Watts (chipotle) wrote,
Watts
chipotle

Notes from the road

So it's quarter past five and I'm in a Starbucks in San Leandro. Beautiful Downtown San Leandro, except that there's not much downtown here despite the "historic downtown" banners, and the Starbucks isn't beautiful. It's a Starbucks. I pulled off 580 with the intent of stopping at a little coffee place, though, and the somewhat more interesting-looking coffee shop I passed a couple blocks away was closed. (San Leandro looks like one of those towns that by and large vanishes on weekends.) The Starbucks doesn't qualify as historic, either, since it's a new building. I passed by some interesting residential areas on the way here, interesting for looking very non-upscale and for having a high incidence of Spanish architecture. This isn't as common in the Bay Area as all the San This and Santa That names imply.

I decided I haven't been around the East Bay area enough, so I'd make a (relatively) quick trip to Mount Diablo State Park out east of San Ramon. Around noon I headed up I-680.

Now, one of the oddities of the Bay Area is that it has interstates which are actually scenic routes. Sure, every place has areas with pretty stretches of big highway--the section of I-75 through Hernando County north of Tampa Bay, for instance, is remarkably pretty. But there aren't big swaths of freeway that have been granted official Static Scenic Highway designation. Here, though, there's several: I-280 up the peninsula to San Francisco, and I-580 and I-680 in the East Bay. And they really are pretty.

I hopped off I-680 in Dublin, around "Sycamore Valley Road," and found it surprisingly charming. It had a bit of a northeastern feel, in no small part to the (surprise) sycamores everywhere. I'll see if I can remember to head out this way in autumn.

As you head along Diablo Road away from San Ramon, though, the landscape changes yet again, to chapparal capping bare rock cliff faces as the state park road winds its way from around a 400-foot elevation to the nearly 3900-foot elevation at Mount Diablo's summit. Every curve in the road is another vista point. Fom the highest points you can see all of San Francisco Bay. I imagine that on the clearest days, you can make out the High Sierras when you face east.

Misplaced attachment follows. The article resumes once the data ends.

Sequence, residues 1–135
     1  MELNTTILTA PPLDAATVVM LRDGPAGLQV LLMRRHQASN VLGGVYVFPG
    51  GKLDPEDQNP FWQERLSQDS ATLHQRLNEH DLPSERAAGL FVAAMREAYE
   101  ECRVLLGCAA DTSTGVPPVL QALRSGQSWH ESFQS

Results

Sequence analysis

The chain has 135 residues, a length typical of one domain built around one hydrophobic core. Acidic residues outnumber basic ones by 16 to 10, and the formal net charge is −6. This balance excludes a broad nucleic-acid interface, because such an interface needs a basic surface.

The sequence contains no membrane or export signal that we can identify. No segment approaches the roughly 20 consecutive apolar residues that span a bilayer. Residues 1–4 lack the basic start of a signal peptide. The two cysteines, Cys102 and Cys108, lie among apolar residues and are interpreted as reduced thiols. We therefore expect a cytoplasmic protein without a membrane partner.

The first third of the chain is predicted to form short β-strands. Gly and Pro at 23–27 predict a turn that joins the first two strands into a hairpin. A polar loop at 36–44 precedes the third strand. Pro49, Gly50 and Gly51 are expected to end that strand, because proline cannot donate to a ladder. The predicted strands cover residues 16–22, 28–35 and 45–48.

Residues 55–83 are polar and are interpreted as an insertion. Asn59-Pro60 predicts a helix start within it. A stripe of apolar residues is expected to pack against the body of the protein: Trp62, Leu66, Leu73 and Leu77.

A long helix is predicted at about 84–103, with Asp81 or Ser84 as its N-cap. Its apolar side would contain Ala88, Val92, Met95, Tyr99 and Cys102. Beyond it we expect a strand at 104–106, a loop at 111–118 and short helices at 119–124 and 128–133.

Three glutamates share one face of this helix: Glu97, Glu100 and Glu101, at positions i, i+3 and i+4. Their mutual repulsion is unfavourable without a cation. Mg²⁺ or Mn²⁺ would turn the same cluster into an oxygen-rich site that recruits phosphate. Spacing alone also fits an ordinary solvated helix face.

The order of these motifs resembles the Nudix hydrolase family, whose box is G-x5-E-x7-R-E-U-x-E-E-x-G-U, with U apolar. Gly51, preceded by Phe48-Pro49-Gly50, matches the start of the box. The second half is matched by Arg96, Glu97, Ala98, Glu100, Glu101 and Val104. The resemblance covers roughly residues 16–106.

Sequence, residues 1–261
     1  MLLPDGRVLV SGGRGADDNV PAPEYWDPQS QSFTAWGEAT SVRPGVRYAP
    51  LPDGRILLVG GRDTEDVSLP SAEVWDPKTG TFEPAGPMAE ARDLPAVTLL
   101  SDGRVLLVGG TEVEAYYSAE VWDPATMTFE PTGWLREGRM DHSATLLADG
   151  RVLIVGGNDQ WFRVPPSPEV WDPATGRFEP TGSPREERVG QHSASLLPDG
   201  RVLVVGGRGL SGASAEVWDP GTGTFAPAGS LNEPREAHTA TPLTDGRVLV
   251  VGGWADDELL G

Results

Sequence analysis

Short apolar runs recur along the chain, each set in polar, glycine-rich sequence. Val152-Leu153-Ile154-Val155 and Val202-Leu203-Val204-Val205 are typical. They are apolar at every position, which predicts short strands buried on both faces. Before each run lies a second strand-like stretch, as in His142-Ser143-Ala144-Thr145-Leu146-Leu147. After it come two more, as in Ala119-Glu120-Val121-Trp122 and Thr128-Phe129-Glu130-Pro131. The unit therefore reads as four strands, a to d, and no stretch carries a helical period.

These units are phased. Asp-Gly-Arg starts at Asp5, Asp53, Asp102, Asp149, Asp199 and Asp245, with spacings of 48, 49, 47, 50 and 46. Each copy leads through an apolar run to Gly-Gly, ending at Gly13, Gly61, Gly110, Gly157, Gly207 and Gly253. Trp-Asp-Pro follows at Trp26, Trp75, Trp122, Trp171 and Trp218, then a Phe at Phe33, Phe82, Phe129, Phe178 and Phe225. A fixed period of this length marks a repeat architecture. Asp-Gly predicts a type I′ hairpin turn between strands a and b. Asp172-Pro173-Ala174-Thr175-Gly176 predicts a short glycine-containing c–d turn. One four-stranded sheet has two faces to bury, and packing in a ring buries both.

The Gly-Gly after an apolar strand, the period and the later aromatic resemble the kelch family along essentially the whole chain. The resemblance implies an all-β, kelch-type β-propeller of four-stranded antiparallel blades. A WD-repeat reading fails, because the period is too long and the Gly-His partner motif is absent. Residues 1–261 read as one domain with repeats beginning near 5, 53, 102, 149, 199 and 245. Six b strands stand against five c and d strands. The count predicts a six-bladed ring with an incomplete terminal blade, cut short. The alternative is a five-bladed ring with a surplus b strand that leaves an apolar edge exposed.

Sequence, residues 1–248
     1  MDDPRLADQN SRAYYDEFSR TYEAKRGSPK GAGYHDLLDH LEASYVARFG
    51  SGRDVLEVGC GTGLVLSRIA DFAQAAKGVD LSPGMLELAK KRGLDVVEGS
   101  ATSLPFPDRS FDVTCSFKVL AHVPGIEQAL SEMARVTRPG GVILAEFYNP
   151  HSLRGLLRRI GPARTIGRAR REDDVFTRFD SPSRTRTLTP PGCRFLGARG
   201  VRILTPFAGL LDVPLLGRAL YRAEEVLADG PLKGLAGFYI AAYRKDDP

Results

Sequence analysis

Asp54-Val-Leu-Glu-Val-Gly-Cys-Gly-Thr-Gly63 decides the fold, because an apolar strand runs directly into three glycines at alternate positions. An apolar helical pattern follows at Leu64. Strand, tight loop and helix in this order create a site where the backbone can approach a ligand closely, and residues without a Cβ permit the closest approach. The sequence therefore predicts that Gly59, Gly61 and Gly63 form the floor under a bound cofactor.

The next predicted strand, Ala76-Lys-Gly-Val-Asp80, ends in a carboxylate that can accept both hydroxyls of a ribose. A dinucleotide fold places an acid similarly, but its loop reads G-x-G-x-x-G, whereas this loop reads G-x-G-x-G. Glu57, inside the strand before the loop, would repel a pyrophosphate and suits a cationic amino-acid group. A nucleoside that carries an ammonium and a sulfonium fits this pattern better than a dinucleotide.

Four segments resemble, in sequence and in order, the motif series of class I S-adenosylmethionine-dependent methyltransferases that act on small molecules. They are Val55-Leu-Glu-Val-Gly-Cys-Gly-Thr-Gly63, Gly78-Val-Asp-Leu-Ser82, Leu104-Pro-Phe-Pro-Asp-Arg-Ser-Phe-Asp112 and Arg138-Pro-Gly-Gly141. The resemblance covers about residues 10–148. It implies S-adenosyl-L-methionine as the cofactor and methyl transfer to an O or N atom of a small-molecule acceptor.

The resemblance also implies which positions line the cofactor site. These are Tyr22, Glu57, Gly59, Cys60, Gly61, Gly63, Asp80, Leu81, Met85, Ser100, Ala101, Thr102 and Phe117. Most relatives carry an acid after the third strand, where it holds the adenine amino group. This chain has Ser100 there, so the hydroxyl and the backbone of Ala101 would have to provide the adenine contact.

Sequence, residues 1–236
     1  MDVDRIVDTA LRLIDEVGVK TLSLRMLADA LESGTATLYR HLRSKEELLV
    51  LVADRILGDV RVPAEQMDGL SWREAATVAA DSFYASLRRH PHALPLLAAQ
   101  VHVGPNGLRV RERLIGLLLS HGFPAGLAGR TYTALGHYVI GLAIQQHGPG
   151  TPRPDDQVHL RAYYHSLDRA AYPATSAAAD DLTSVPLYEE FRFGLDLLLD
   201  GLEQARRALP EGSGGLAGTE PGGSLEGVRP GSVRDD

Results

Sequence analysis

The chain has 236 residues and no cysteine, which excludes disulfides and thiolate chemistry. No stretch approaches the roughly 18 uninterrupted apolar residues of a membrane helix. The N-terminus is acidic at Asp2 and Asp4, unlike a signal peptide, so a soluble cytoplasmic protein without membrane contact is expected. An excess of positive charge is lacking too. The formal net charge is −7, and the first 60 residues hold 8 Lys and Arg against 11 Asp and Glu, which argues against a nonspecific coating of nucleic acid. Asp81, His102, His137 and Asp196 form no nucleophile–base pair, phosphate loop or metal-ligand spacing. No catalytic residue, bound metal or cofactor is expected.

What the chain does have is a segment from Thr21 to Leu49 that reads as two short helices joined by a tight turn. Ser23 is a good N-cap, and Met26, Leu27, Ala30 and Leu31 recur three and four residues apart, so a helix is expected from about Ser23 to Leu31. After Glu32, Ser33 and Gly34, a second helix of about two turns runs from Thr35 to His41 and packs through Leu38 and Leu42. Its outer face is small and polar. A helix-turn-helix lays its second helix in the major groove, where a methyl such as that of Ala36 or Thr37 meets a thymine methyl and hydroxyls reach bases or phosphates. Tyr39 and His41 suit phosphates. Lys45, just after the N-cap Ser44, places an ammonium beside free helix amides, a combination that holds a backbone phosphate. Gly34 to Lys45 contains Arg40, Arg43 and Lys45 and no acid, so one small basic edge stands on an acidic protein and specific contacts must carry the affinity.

I'd intended to stop somewhere along the path, or perhaps a snack bar at the top, to do a little writing and reflecting. (I brought my frequently-neglected C programming book with me to pretend I was going to work through a chapter, but let's face it--views like that don't really inspire programming.) But the very small and crowded visitor center at the top wasn't a good place for camping out with a laptop, and as pretty as the picnic areas were along the way, the wind was cold--not cool, cold. I took a few pictures, some obligatory panaromas, some shots of wildflowers, a couple images of vistas that I don't think I captured very well. (My biggest weakness in photography at this point, I think, is the weakness that separates good photographers from merely competent ones--producing images that capture the feeling of the moment.)

So I left the state park by taking the north access road rather than the south, heading through a small part of Walnut Creek and then across on 24 to I-580 rather than back down on I-680. And that's how I ended up here.

I still haven't been around the East Bay enough. I want to explore Berkeley more than the brief exposure I had with Shaterri a few months ago. There's a lot of parks out here that might be worth visiting. If I go farther afield, of course, there's Yosemite Valley.

And I'm sure there's a good coffee shop out here somewhere.

Now back homeward. I doubt we'll make a restaurant I want to try with the group sometime soon (Helios, in Cupertino), but maybe tomorrow.
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